Sex & Relationships

Swiping Left

tinder

A few weeks ago, I was on Tinder, the popular dating app, and low and behold after a few swipes, I was faced with my ex-fiancé. After my initial shock, I did what anyone would do in this situation; I looked at her pictures, read her description, and then had a decision to make. What I was faced with was a second chance, as I was now armed with far more information than a brief, snapshot of potential love. I knew this person on a deeper level, and I could see far beyond the shallow surface before me. The question that I was faced with was, “Would I ever want to reconnect with her again?”

When I came upon my big Tinder decision, I realized that I no longer felt a deep connection with her, and in fact, was not attracted to her as I once might have been if she had been a stranger I stumbled upon by chance as I knew her personality and flaws which cut deeper than the façade which Tinder provided. I felt myself let go of some anger, as at that moment she became a very ugly person to me. I felt sad for her and for the loss of connection we both experienced. At one time, we had been vulnerable together, insecurities and all. Now, we were both trying to reconnect with others based solely on fleeting impressions. I swiped left.

However, the entire episode got me thinking about the essence and lack of human connection we face on a daily basis and, specifically, the loneliness I felt after we had broken up. Throughout Tinder, many people claim they are looking for a deep relationship and no “hook ups” while others just want to swipe right for the opportunity to chat with another person. Yet, if we knew people on a deeper level, would it affect which way we swipe? Is this how human connection has evolved or is it simply a lack of connection and willingness to be vulnerable in every day interactions as a result of our insecurities that has led to this artificial connection?

Most of life is spent in the day-to-day or what I call the “in-between”. We get up, go to the bathroom, drink coffee, go to work, go to the bathroom again (if we’re lucky), come home, eat and go back to sleep. Repeat. During this time, we are simply our raw, emotional selves full of hope, goals, and desires. However, with the advent of social media platforms like Facebook, Instagram and Tinder, our perceptions of reality and connection have become skewed. Pictures of that night out at a super exclusive club or of delicious food we’ve never heard of at a restaurant we’ll never go to along with engagements, weddings, and babies bombard our own personal newsfeed. All of this creates the fear of missing out, or FOMO, that promotes a state of loneliness during that in-between time in which we should be content just being.

We think, “If I’m not out having the time of my life or with someone who loves me, what’s wrong with me?” However, when we are alone, which is most of the time (as we are always with ourselves!), we do not need to be lonely. Loneliness is really just a symptom of disconnection as a result of our own insecurities and lack of self-worth. Curing this disease starts with a decision to be happy with whatever it is we decide to embark upon. There will always be an infinite number of activities we could be doing, or people we could be doing them with, but being secure in our own journey ultimately creates connection with others. The alternative is being so indecisive that we end up truly alone.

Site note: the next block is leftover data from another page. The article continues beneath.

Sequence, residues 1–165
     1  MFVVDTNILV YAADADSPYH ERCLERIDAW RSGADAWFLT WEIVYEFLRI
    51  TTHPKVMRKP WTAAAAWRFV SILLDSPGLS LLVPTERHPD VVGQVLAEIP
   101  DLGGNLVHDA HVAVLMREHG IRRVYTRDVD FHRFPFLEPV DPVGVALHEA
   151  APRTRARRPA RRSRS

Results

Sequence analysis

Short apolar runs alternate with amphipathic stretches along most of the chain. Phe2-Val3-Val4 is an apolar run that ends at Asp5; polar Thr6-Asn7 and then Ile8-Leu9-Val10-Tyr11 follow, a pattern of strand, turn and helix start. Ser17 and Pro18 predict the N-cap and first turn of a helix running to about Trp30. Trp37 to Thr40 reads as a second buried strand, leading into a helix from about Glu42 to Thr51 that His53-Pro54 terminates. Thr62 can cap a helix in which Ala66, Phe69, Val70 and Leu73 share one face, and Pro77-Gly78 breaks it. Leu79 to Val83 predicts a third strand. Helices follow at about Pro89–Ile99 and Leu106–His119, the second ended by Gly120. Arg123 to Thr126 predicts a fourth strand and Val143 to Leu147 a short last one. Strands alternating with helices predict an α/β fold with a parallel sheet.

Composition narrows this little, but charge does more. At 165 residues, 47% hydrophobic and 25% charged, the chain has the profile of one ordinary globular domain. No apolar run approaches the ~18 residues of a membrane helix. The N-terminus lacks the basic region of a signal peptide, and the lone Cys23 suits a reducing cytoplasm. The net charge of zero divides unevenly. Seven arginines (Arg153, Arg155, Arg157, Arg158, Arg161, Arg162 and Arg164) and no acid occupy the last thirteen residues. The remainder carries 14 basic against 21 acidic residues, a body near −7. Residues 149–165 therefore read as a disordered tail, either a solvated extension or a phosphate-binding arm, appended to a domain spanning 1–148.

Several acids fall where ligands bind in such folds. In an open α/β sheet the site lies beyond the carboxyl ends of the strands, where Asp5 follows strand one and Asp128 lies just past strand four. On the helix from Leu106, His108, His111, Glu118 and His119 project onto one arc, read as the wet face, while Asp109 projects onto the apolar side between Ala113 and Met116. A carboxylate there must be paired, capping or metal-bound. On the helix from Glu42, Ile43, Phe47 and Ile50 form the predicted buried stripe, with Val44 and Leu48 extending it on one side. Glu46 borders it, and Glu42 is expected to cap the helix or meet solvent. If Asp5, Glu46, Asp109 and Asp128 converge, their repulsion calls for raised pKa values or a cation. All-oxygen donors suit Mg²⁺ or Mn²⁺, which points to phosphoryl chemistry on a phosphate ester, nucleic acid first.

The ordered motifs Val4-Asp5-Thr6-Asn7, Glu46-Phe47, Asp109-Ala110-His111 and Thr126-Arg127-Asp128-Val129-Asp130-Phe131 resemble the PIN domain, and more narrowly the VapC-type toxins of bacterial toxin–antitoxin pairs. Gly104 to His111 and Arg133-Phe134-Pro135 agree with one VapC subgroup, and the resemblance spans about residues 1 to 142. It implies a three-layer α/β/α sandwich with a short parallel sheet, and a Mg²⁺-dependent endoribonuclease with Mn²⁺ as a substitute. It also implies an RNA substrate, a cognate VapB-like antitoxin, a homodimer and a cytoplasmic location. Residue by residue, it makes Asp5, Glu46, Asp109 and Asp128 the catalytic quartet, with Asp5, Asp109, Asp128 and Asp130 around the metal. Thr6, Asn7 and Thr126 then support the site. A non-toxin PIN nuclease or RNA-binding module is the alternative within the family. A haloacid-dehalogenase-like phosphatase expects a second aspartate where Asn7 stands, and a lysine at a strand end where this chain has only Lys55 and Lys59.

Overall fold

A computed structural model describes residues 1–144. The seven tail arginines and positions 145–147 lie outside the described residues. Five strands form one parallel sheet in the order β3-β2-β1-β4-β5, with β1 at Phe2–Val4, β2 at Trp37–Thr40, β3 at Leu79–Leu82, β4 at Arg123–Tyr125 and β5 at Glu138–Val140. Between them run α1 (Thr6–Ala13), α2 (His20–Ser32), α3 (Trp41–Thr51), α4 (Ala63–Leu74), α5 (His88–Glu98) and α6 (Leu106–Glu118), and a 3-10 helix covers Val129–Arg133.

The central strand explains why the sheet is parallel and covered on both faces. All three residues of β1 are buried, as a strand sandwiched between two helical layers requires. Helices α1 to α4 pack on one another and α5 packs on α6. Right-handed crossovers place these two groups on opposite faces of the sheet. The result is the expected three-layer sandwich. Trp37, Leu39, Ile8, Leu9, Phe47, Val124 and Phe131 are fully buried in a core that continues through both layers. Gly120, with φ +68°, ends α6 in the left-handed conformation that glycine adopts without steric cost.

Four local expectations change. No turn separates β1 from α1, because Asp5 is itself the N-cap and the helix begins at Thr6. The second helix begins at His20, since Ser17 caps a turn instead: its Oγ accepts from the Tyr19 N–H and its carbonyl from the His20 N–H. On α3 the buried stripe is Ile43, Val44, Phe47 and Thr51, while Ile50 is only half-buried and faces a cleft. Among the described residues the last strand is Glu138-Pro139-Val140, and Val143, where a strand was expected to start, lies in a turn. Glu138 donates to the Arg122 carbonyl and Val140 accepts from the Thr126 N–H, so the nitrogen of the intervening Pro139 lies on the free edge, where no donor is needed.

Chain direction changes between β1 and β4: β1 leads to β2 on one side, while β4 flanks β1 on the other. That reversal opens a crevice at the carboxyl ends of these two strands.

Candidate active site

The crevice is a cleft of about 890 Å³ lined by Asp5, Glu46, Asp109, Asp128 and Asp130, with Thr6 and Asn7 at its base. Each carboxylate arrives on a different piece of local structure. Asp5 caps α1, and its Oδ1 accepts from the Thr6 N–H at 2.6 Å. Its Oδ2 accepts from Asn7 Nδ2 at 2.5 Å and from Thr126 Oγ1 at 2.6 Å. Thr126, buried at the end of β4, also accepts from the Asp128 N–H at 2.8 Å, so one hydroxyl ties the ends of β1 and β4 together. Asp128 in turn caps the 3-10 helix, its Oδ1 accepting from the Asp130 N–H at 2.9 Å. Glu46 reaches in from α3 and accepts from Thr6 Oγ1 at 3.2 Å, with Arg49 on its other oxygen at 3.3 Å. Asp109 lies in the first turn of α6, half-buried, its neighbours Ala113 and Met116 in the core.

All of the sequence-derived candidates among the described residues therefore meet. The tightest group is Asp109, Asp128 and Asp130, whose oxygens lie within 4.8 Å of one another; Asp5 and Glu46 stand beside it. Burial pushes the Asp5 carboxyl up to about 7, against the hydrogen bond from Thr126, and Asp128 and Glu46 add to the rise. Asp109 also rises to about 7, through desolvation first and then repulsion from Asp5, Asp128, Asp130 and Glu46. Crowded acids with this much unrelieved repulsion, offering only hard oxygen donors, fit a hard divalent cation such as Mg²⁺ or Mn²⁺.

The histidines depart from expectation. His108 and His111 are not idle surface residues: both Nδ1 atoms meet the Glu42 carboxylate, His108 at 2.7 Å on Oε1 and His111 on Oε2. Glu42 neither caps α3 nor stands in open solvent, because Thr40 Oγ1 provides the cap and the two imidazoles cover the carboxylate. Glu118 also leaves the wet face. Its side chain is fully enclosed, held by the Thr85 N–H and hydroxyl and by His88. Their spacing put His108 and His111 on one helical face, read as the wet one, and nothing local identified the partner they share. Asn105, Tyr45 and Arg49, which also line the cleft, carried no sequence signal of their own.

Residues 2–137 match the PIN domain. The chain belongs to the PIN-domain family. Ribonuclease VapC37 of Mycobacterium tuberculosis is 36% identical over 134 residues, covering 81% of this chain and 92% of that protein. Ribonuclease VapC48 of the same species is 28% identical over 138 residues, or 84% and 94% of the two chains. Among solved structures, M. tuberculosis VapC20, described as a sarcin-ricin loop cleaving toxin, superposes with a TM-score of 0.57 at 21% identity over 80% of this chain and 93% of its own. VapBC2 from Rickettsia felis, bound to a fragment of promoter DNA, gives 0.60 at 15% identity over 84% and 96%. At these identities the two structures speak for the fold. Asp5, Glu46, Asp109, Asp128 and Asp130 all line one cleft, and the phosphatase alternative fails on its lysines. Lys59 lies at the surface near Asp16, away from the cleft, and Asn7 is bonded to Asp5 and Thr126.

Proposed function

As I’ve written before, self-love is a major step in reconnecting with others and finding meaning, as we first must enjoy our own company before we can invite others into our lives. The best way I’ve found to accomplish this is by being vulnerable or put another way, being open to others acceptance of our flaws. Vulnerability is sexy, real and true. There are no games or judgments as it promotes the very connection that we are unable to obtain through surface interactions via polished, segmented and specifically chosen glimpses into our “lives.” The in-between is where we live at our core: the thinking, examining, and emotional states that lead us to take action and be great, unique people. What social media can never capture is our individual spirit that makes those around us want to connect to us in the first place.

I’m content with my “in-between” because it means I’m being true to myself and genuine, a trait that I look for in others as well. When I swiped left, I got the rare opportunity to truly move-on and while it’s easier to connect with people more than ever, the quality of that connection can only be measured by our willingness to be open, honest and true. I was vulnerable with my ex in the past and will continue to allow myself to be so with others in the future because I’m not afraid to let others see who I am even it means that I too eventually get “swiped left.”

By Brian Jaffe

 

2 thoughts on “Swiping Left

  1. Brian – I know this time has not been easy. May wonderful things happen to you and you fund the peace and healing you seek.

  2. Reblogged this on One Page at a Time and commented:
    “All of this creates the fear of missing out, or FOMO, that promotes a state of loneliness during that in-between time in which we should be content just being.”
    I love the truth of this thought – the idea that social media and the constant connection to others we have through technology has led us to constantly feel like we are missing out on something, someone, some place. I want to make it a goal to look within, at my own life and how grateful I should be for my own, personal journey instead of looking at the lives of others and comparing.

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